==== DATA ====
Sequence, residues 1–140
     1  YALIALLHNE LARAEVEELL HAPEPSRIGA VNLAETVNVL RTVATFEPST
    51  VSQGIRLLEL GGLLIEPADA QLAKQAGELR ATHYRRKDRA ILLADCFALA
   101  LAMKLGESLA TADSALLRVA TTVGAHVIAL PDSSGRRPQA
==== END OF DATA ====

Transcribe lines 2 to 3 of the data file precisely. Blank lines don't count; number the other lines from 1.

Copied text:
     1  YALIALLHNE LARAEVEELL HAPEPSRIGA VNLAETVNVL RTVATFEPST
    51  VSQGIRLLEL GGLLIEPADA QLAKQAGELR ATHYRRKDRA ILLADCFALA